Why does my LD1117 drop to 3v under load?

I have been running my ESP32 using the built in voltage regulator. It draws around 80ma. I had a LD1117 (branded as LD33V) not being used so I tried to create an off-board regulator. I followed the instructions.

This works fine on it's own, the multimeter showing 3.3v (my power source is 5v from a 2A USB adaptor). When I plug this regulator into the 3.3v pin of the ESP32 the voltage drops to 3.0v and the ESP's brownout detection reboots the controller. Repeatedly.

Do I have a dodgy LD33V regulator?

Thanks.

Hi

What does your 5V input measure when you get 3V out?
Have you fitted the bypass capacitors in your diagram, are they as close to the LD1117 pins.

Tom.... :slight_smile:

Recommended to add .1uF low ESR capacitors in parallel with those in your image.

These should be very close to the component.

Where are you measuring the 3.0V? Is the output pin of the regulator at the same voltage as the 3.3V input to the ESP32, or do you have a lot of wiring resistance?

Is the on-board regulator on the ESP32 board designed to accept 3.3V bypassing it? Maybe not.

Have you tried powering a 80mA load directly (like a 39 ohm resistor) and see if you get the same behaviour?

larryd has the correct answer. Your regulator is osculating which without a scope you cannot see. It will also run very hot! I have been known to solder the capacitors directly to the regulator or its pads.

TomGeorge:
Hi

What does your 5V input measure when you get 3V out?
Have you fitted the bypass capacitors in your diagram, are they as close to the LD1117 pins.

Tom.... :slight_smile:

I have a micro usb port on a small board plugged into the breadboard. If I measure input voltage when plugged into the PC usb I get around 4.8v and when plugged directly into a power supply 5.1v.

The capacitors are plugged in the next breadboard hole along from the regulator itself. I was going to solder all the bits into a small prototype board, but want to wait until I can work out whats wrong.

larryd:
Recommended to add .1uF low ESR capacitors in parallel with those in your image.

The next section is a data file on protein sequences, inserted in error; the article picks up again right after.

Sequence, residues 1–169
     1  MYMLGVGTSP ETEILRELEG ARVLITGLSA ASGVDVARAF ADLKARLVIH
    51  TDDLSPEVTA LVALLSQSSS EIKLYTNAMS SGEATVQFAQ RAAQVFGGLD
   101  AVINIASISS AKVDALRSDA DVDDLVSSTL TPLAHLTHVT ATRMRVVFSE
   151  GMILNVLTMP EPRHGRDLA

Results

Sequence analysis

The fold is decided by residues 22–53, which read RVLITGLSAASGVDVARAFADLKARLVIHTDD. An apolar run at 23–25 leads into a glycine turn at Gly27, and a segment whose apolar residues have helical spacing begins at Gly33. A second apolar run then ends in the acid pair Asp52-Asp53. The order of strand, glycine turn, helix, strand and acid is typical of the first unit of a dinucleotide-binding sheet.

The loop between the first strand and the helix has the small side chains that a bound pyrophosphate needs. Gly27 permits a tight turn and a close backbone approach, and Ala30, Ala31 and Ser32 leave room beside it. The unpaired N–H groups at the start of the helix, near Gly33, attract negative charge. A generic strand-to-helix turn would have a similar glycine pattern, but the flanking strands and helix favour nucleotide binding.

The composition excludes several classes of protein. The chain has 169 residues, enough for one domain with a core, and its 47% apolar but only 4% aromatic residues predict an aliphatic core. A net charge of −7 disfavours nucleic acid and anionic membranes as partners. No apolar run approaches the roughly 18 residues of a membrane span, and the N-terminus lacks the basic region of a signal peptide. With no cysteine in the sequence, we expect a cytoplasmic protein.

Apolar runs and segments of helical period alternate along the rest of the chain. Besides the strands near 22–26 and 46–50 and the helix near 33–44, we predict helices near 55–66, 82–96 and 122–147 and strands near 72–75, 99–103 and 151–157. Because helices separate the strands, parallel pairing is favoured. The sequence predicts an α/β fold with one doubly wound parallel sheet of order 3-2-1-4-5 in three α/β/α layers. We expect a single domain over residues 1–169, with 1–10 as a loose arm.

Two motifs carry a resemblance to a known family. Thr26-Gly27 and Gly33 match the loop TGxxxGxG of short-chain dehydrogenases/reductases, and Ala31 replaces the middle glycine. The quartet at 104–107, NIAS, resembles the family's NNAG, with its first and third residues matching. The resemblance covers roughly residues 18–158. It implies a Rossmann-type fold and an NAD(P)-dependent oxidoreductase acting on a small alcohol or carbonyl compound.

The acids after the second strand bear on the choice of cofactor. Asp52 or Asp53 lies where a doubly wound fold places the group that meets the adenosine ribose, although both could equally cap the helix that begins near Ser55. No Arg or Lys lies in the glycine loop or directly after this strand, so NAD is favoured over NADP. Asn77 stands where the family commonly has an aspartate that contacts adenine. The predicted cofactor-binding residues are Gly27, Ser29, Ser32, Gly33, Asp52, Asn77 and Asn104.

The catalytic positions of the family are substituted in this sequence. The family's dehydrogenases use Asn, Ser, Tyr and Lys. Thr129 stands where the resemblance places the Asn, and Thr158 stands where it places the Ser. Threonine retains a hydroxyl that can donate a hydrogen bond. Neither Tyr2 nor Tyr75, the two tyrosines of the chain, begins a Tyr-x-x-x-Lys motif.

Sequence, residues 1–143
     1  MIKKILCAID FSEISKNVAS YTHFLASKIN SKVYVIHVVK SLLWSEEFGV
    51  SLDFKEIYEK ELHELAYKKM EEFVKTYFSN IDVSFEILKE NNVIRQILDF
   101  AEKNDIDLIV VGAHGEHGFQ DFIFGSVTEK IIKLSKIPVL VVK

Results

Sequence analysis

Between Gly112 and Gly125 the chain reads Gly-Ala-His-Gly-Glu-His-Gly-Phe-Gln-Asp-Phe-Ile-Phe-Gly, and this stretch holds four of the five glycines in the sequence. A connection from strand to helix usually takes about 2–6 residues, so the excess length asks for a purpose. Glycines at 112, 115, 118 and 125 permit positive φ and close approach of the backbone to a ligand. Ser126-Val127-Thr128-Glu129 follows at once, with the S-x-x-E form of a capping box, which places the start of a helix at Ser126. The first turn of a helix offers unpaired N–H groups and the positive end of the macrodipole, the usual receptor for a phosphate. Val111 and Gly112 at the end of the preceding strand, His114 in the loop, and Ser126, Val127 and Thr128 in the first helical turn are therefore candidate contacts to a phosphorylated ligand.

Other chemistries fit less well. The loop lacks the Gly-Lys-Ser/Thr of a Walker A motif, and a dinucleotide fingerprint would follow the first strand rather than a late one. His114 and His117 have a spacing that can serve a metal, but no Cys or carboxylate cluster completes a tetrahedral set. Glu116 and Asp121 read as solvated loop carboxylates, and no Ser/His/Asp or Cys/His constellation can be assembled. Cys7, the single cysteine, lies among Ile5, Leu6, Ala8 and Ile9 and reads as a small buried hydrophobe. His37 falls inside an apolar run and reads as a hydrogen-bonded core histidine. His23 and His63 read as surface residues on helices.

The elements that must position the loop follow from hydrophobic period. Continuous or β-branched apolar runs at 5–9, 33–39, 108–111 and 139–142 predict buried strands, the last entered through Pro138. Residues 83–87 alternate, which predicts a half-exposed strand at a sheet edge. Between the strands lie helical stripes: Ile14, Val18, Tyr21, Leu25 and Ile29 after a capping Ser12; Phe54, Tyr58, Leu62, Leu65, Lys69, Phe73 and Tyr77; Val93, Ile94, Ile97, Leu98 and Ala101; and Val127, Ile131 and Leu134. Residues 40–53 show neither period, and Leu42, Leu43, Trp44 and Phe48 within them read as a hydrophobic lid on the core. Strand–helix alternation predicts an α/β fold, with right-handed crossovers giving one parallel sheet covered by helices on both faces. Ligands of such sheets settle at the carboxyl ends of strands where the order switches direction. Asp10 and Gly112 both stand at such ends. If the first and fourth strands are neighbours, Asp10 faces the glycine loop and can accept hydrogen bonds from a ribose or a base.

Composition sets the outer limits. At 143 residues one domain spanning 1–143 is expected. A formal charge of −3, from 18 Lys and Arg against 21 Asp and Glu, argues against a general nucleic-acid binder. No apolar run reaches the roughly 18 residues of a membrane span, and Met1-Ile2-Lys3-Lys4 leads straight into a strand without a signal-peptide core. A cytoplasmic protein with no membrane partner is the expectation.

These should be very close to the component.

I am not sure what you mean here (I am only just starting to learn electronics).

Do you mean add a second capacitor between Vin and Ground on the input and Vout and Ground on the output in parallel with the existing capacitors?

I think I am using bog standard electrolytic capacitors. Are ESR capacitors different?

MarkT:
Where are you measuring the 3.0V? Is the output pin of the regulator at the same voltage as the 3.3V input to the ESP32, or do you have a lot of wiring resistance?

Is the on-board regulator on the ESP32 board designed to accept 3.3V bypassing it? Maybe not.

Have you tried powering a 80mA load directly (like a 39 ohm resistor) and see if you get the same behaviour?

Thats an interesting thought. I have my project on on board (ESP32 + RTC + SDCard + 2 sensors + OLED) and I built this circuit on a second breadboard. I then used some cheap chinese breadboard connector wires to bridge the 2 boards. I measured the voltage at the ESP32 pins - I didn't think to measure the output voltage on the actual output of the voltage regulator.

This board is "supposed" to be a genuine expressif ESP32 dev board which can take being powered directly through the 3.3v pin.

I have not tried powering a load directly. Do you mean connect the 3.3v Vout of the regulator though a 39ohm resistor to ground and measure the voltage drop?

muckpup:
I am not sure what you mean here (I am only just starting to learn electronics).

Do you mean add a second capacitor between Vin and Ground on the input and Vout and Ground on the output in parallel with the existing capacitors?

I think I am using bog standard electrolytic capacitors. Are ESR capacitors different?

You need to include the capacitors specified in the datasheet. As I would interpret it (they give very little guidance other than the suggested schematic, I would pick a 0.1uF and 10uF ceramic capacitor.

Electrolytics have high ESR (equivalent series resistance - nonideality from resistance in the leads and material of the capacitor that acts like a resistor in series with it), caps with an ESR outside the range the regulator is designed for can cause poor load regulation. Small ceramics are needed for decoupling on the input and filtering the output. Larger bulk electrolytic caps are not harmful (they can improve stability in the face of large load changes) but they do not replace the specified capacitors.

Also, that datasheet is so lousy that I'd have picked a different 1117-series regulator that gave explicit guidance on what types of caps to use.